AI Used To Improve Training Stress Score (TSS) Measurements
Fort Worth, Texas -
The Meat Motor website has performed an AI experiment to generate alternatives to the procedures athletes currently use to measure their Training Stress Score (TSS). The platform strives to break down complicated data into information that athletes can readily apply to their own training regimens, and this experiment helped the platform shed light on interesting opportunities that may be explored in the future.
As the article notes, “Endurance training benefits an endurance athlete because it places a progressive load on the athlete’s physiological systems that allow them to improve via adaptation over time (physiological adaptation). Measuring the load of a given session is important, as is the cumulative load over time.” The article shares that a range of AI models were utilized to run the experiment, including Dragonfly, Claude and Chat GPT 4.
Each of these models proved to have unique strengths and weaknesses, but Meat Motor sought to push them as far as possible in this simple experiment. While the experiment’s results should not be considered the AI world’s final say on the matter, the platform believes that there is strong reason to keep investigating the potential improvements AI can bring to athletes in various sports.
Many in the relevant fields will be aware that many fitness- and endurance- testing solutions exist already. While it can be taken for granted that there is always room for improvement, Meat Motor says it is important to identify a specific drawback that may benefit from AI. The platform began by examining which factors are most often taken into account in fatigue tests — and they noted a striking connection between these factors.
Most tests rely on the following measurements: the distance covered, calories burned, pace or MPH maintained and so on. Some of these factors may be more variable than others, but they are typically external in nature. Many internal factors will contribute to an athlete’s score as well, such as their heart rate, Perceived Effort (RPE Scales) and even injury or illness to some extent.
“The challenge,” Meat Motor says, “is that most training software like Training Peaks, Xert, WKO et al. create a fatigue or fitness score using ONLY external factor modeling. This can be detrimental to an athlete. Perhaps the most well-known external score is the Training Stress Score (TSS) which is modeled by Training Peaks when wattage is available.”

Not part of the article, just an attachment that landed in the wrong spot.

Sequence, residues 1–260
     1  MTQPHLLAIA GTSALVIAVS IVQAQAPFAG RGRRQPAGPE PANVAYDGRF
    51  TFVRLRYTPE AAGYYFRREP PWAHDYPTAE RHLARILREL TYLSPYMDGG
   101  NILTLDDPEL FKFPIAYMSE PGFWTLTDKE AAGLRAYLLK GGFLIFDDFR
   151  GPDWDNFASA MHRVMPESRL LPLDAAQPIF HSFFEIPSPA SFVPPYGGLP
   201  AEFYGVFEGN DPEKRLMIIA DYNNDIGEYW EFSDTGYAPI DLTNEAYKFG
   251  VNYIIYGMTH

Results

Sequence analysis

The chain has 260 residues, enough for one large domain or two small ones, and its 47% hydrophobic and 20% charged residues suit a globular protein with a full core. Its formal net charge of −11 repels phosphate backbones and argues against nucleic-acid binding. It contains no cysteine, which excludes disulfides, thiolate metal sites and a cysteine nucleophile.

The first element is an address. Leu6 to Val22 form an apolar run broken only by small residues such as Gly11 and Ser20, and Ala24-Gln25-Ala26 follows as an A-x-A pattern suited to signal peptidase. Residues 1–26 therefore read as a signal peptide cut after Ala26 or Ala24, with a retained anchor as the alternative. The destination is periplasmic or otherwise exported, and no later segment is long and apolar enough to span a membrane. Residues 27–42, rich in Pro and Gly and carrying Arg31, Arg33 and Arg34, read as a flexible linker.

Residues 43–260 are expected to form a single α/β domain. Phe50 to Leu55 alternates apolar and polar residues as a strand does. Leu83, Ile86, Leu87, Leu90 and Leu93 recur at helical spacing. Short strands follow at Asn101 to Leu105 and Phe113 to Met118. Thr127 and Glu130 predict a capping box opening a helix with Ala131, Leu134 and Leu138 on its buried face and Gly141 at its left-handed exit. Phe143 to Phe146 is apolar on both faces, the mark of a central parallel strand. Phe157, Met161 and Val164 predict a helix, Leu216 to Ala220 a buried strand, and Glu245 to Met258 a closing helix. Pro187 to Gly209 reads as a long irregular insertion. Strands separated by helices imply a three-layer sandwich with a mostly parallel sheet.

They add, “This over-reliance on external stress measurements can be detrimental to recovery and optimal performance. Relying on external metrics and the expense of internal metrics is analogous to an F1 team seeing their car going around the track at 200mph and telling the driver, ‘We’re okay, keep pushing,’ while the wheels are falling off and the engine is on fire.”
Many will point out that certain internal metrics can indeed be gathered for an athlete, such as cardiovascular stress, metabolic stress and neuromuscular fatigue, but Meat Motor points out that these can be similarly misleading if examined outside context. If a solution exists, it would likely combine both internal and external factors, however, and this is where Meat Motor believed AI would be able to help.
Chat GPT 4, Dragonfly and Claude were tasked with creating a better-weighted test score for cyclists (using tailored prompts). Each came up with specific variables that a coach could measure, and these variables would then be plugged into an equation to measure the athlete’s response.
Chat GPT 4, for instance, suggested that coaches measure variables that could be plugged into a Single-Session Cycling Fatigue Index (SSCFI). Since the exact method produces a score between 0 and 100, results would quickly indicate where an athlete stands. A higher SSCFI, the article says, would indicate higher accumulated stress and fatigue for that specific training session. Further, a rolling average or a weighted average of individual session scores could be calculated over a longer period to produce an overview of the athlete’s performance during specific time frames.
Each AI model produced a unique solution that nonetheless relied on real-world measurements, such as respiratory rate, hydration levels, metabolic rate, and even environmental conditions. Meat Motor comments that some suggestions were not as helpful, such as taking a muscle biopsy following each session, but the experiment does indicate researchers with more experience may be able to leverage AI with much greater success. For their part, Meat Motor looks forward to seeing the results of future experiments from the experts.
Those interested can read more here: AI Models Alternative TSS Score. Meat Motor has many articles on other aspects of sports science as well.
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